Schmidt Versus the Fourth Estate and Three Cheers for Sirelli Bobo

When children dream of emulating their sporting heroes on TV, read about them online or – heaven forbid – in print, I imagine they envision themselves scoring the winning goal in a cup final, lifting a trophy or walking out onto their hallowed turf of choice. Perhaps they dream of fans chanting their names and asking for selfies – autographs in ‘old money’ – while they make their way from the field to the dressing room.

It is less likely, that young people who idolise their heroes ever think of the hard-work, the hours of toil, the incessant doubts and jibes and the sea of lenses and phones: the media-grind.

This week was a momentous one for Irish rugby for a reason that you will have heard much about and yet for which you probably cared very little. Following the victory over Italy in the Six Nations, the IRFU made a decision that Joe Schmidt would not be making himself available to the media beyond the obligations to which he is contractually tied. This affects the daily newspapers as it allowed them a chance to get some content that differed from the press conference. The ‘huddle’ was a mainstay for Irish coaches and this was the first time under Schmidt’s tenure that it did not take place.

It seems that both the media and the IRFU have been building to such an impasse over the past few months (even years) and the relationship between them is said to be at its lowest point.

So why the change in policy and why should anyone really care? Let’s look at why the Irish management feels the need to readjust their interactions with the media.

The past few months have been testing for the IRFU in terms of the media battles it has been waging. If we rewind back to November, with the imminent debut for Bundee Aki, a New Zealand-born Connacht-man, the policy of selecting a ‘project-player’ came under much scrutiny. The devaluing of the Irish jersey was the main reason for the media’s protestations and much of the narrative leading to Ireland’s first test against South Africa was dominated by talk of the cynicism that capping such players entailed. The likes of CJ Stander and Jared Payne’s eligibility for Ireland was dredged up once again and we all got a bit dizzy from the merry-go-round about the issues over the residency rule. That is, an uncapped player born elsewhere can represent another country if they have lived there for a period of three years.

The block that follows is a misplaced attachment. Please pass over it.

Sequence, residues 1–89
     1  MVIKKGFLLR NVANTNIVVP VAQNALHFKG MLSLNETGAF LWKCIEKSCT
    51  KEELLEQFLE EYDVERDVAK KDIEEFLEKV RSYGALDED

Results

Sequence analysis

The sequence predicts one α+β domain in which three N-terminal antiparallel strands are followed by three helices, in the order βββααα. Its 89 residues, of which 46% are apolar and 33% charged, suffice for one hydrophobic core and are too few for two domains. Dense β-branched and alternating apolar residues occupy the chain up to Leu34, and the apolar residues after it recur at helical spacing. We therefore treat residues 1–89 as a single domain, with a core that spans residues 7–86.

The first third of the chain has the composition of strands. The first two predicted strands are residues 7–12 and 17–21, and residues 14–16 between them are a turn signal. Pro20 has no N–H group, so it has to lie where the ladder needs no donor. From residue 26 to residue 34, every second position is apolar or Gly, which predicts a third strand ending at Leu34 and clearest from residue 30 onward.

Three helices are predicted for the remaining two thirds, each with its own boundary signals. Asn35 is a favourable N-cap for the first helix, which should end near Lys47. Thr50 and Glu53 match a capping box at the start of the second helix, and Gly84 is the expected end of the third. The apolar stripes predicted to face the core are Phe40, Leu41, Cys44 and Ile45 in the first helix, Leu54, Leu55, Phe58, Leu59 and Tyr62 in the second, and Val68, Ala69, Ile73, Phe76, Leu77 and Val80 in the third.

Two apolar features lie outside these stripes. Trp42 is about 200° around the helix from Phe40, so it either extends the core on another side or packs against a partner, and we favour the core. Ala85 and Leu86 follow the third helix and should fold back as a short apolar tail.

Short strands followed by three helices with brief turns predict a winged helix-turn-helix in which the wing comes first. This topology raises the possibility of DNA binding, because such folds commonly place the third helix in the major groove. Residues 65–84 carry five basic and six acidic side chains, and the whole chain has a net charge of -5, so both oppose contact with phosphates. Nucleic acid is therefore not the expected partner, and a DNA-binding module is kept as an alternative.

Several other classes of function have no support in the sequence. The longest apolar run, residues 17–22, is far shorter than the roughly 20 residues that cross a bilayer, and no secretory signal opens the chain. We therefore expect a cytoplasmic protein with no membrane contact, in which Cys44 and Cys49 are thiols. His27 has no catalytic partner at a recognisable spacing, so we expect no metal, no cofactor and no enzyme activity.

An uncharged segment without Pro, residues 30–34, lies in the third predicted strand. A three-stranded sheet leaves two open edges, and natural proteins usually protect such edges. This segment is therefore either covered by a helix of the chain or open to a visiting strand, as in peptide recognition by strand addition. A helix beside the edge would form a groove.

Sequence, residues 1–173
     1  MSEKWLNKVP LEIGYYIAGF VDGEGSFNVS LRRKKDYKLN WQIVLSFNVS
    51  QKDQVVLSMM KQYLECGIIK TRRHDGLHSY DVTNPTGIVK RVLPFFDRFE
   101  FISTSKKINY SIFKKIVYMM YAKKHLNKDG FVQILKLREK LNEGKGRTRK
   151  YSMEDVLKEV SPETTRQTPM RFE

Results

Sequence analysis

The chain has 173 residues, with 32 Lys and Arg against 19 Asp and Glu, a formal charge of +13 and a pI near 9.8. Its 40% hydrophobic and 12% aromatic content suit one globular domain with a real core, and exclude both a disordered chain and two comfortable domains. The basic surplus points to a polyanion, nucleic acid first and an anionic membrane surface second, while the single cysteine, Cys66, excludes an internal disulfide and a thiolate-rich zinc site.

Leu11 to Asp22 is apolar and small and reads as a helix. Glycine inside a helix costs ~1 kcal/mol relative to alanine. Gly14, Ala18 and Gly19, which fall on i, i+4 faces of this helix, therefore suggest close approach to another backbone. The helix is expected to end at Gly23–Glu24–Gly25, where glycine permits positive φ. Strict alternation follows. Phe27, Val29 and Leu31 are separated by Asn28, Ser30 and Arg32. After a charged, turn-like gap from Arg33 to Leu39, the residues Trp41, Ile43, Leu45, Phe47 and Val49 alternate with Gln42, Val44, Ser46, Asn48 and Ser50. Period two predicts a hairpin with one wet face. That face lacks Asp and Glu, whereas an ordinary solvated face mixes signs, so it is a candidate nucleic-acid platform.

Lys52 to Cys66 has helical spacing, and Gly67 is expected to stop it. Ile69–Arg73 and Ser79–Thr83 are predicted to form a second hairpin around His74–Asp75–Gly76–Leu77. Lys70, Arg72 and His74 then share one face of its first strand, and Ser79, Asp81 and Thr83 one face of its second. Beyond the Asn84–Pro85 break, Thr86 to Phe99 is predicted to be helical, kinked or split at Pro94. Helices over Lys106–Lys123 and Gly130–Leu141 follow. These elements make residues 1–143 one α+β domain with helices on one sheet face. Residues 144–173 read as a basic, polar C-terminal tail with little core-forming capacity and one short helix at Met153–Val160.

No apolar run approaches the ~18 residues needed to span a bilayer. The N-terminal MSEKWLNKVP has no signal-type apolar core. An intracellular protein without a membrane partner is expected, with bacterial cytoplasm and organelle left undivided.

It is worth noting that World Rugby’s Vice-Chairman, Agustin Pichot was particularly vehement on this issue and was successful in having it extended to five years when World Rugby voted on the issue in May 2017. Like many others, Pichot grew worried about the gaps between the tiers of rugby nations becoming schisms and I while I commend his intentions, I fear that much of the media were banging the wrong drum. The extension looks good on the surface but may actually just encourage wealthy clubs and unions to recruit even younger than they currently do. Look at Alivereti Raka’s rise from Fiji to Clermont and you will get a sense of the way things are already moving in this direction.

More recently the saga surrounding Gerbrandt Grobler, who served a doping ban, signing at Munster caused a huge kerfuffle. With the influence of the IRFU over the provinces and especially with the stringent rules about signing a foreign player, the questions over his signing and the Union’s policy on employing those with a chequered past were rightfully asked. Unfortunately, they were asked at the wrong time – Grobler was signed back in the summer – and largely, apart from a few awkward minutes outside the Lansdowne Road for Philip Browne, to the wrong people. The likes of David Nucifora and Browne should have born the brunt of this scathing criticism but, too often it was Schmidt, Van Graan and, really awkwardly, the Munster players who were left to face the music. Justifiable questions directed at the wrong men were sure to sour the relationship further in the run-up to the return of international rugby in the springtime.

Finally, the week of the opening game of the Six Nations was dominated by talk about Rory Best and Iain Henderson’s appearance at the trial of Paddy Jackson and Stuart Olding. Both Olding and Jackson, Ireland and Ulster players, are accused of sexual assault. Best, as Ireland captain, finally made a statement after the France game where he explained his decision to attend the trial, was made as a result of legal advice. The crux of which was he should hear both sides if he was called to provide a character reference for either Jackson or Olding. In the delay between the reporting of his attendance at the trial and his statement, he drew much criticism from sections of the media who claimed that it was an intimidation tactic on behalf of the defence.